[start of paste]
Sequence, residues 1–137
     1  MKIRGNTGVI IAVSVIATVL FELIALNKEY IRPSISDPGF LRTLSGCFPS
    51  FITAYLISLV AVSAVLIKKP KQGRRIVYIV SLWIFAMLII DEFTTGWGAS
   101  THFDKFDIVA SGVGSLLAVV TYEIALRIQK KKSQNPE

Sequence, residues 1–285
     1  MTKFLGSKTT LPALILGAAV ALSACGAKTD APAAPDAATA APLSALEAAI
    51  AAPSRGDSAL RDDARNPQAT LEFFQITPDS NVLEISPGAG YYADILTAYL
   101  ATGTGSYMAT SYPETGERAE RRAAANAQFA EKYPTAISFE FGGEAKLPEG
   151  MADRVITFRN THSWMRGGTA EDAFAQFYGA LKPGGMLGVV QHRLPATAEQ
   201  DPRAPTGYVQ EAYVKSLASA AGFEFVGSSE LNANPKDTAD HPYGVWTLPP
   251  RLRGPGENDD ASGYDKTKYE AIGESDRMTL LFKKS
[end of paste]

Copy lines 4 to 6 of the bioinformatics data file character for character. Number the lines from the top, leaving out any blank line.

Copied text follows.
   101  THFDKFDIVA SGVGSLLAVV TYEIALRIQK KKSQNPE

Sequence, residues 1–285
     1  MTKFLGSKTT LPALILGAAV ALSACGAKTD APAAPDAATA APLSALEAAI